October 28 2016

Educause 2016 Day 2: Highlights and Takeaways

Written by Stewart Rogers

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annual conference logo.pngLambda is at Educause this week! Since the launch of our LMS reporting and analytics solution, Zoola Analytics, we have been active members of the learning and analytics community. We are excited to learn what our peers have to say, and contribute to the existing discussion around analytics in education. Day two was very insightful, and it reinforced many of the ideas that supported the development of Zoola. Here's our recap. 

The first session of the day was delivered by the Director of Technology and Analytics at JISC, Michael Webb. His presentation, “Deploying Open Learning Analytics at National Scale: Lessons from the Real World,” summarized JISC’s Effective Learning Analytics Initiative. This initiative, still in its research phase, is something we at Lambda have been watching very closely. Our key takeaway was a reminder that learning analytics shouldn’t be the responsibility of just the LMS Administrator, or just one person at an organization. Ideally, there should be a cross-functional committee that has executive buy-in. The best practice for higher education is to ensure that students are part of the committee, so there is transparency in how you’ll be using their data.

“Innovation to Drive Student Success through the LMS and Beyond”, came next, reinforcing the fact that having data, analytics, and reports to segment and understand the relationship between LMS activity (such as logins, resource views, contributions, forum activity), and course completion/achieved grades is critical. This hit home for us, as this is something we help our Zoola Analytics customers with every day.

After lunch, we visited a few of the poster sessions, including “Mining the LMS” Identifying Transactional Elements for Prescriptive Analytics” and “Personalizing Learning with Real-Time Analytics.” For anyone who is unfamiliar with what a poster session is, it’s a simple presentation of organized research that is still in the “brainstorming” phase. It’s a great way to get some early insight on some future thinking for the concept. For Lambda, the poster sessions reinforced that you need data from multiple systems to get the big picture.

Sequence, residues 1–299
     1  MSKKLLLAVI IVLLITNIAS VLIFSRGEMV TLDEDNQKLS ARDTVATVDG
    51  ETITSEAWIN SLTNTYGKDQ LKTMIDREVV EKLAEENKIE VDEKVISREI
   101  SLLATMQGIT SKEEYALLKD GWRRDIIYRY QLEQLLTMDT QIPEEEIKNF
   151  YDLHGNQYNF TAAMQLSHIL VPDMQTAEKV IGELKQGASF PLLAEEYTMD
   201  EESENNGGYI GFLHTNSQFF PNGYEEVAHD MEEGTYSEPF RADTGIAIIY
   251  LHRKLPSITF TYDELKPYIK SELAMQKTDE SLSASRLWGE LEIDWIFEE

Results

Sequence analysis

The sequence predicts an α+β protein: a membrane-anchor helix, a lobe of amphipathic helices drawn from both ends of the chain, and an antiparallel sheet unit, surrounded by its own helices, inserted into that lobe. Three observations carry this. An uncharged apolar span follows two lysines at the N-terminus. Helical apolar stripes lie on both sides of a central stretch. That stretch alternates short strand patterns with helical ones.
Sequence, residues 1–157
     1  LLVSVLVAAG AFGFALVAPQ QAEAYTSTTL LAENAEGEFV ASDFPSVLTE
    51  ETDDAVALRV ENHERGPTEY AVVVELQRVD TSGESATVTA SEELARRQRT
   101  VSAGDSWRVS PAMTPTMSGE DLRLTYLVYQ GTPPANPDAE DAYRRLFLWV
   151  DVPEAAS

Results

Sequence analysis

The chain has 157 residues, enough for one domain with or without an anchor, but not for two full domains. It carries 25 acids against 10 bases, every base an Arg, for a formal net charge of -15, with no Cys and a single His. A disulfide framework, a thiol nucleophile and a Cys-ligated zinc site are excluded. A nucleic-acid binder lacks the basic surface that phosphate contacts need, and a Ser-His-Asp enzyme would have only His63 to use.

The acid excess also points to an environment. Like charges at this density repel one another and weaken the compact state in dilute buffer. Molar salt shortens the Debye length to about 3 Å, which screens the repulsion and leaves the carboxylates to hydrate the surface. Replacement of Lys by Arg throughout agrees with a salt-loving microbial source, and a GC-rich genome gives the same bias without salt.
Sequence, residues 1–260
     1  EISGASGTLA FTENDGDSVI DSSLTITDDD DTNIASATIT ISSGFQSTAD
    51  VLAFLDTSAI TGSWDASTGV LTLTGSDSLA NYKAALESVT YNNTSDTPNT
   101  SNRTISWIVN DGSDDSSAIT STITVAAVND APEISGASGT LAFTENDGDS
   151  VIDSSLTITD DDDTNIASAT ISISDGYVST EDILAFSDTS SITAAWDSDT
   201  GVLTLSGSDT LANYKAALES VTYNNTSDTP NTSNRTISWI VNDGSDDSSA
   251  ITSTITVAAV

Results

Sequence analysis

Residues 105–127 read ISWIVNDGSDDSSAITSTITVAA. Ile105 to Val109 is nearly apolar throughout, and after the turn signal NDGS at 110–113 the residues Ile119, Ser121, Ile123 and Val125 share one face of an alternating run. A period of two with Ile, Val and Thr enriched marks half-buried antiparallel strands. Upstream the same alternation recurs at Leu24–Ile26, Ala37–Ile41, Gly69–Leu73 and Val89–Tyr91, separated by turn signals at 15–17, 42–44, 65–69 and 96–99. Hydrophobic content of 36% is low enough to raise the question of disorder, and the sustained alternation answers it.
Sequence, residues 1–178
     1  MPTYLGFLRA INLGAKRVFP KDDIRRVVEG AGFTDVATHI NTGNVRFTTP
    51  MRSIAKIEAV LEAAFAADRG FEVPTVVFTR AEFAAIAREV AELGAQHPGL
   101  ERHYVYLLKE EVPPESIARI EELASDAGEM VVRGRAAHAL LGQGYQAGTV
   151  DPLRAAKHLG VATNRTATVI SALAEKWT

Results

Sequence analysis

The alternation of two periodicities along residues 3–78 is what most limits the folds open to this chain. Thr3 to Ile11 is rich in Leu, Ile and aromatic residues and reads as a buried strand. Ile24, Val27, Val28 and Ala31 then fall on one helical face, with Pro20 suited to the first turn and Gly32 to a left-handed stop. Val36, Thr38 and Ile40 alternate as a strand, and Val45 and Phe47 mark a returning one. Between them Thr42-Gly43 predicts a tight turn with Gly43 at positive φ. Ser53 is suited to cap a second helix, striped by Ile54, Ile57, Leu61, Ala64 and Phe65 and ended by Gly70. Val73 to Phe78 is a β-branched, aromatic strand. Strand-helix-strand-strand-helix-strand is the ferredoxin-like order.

“Founding a Data Democracy”, presented by Lige Hensley and Brenden Aldrich outlined three important attributes of your learning analytics programs:

  1. You should have access to ALL data.
  2. Make data easy to interact with.
  3. Speed counts.

People should not have to wait for data - reports should be generated in seconds, not minutes or hours. If it takes too long to load the initial set, there will be little patience to interact with the data and get true insight. Hensley and Aldrich also shared a short story, about how different departments had seemingly asked for the same data. However, each individual nuance of the requirement led to different results creating a communication challenge between stakeholders of those departments who were arguing about the same, but ultimately different perspectives on the same data. This poses the question - Does your enrollment, completion, or grades report mean the same thing to all your stakeholders?

The last two sessions of the day both touched on “Big Data” and “Predictive Analytics,” and both used data to drive decision and improve academic and administrative operations. A common notion in both presentations was that full control over your data is critical. Your data and the questions you ask of that data is specific to your organization. To effectively visualize your data, whether with charts or tables, you need to control the definition of your data, and you need to have control to create the interactions and visualizations of your data.

What Lambda took away from day two, is that higher education is diving head first into data analysis. Every learning analytics session was well-attended, with engaged attendees asking lots of question. During one of the presentations today, someone showed a statistic that in 2011, the Education sector was least prepared to dive into data analysis - with dashboards, big data, or predictive analytics. If what we’ve seen in these last two days is reflective of the new norm, then higher education has made up a lot of ground, and might even be leading the way for other sectors. Higher education institutes are changing the way they engage with students - an action that is being driven by data and learning analytics.

 

 

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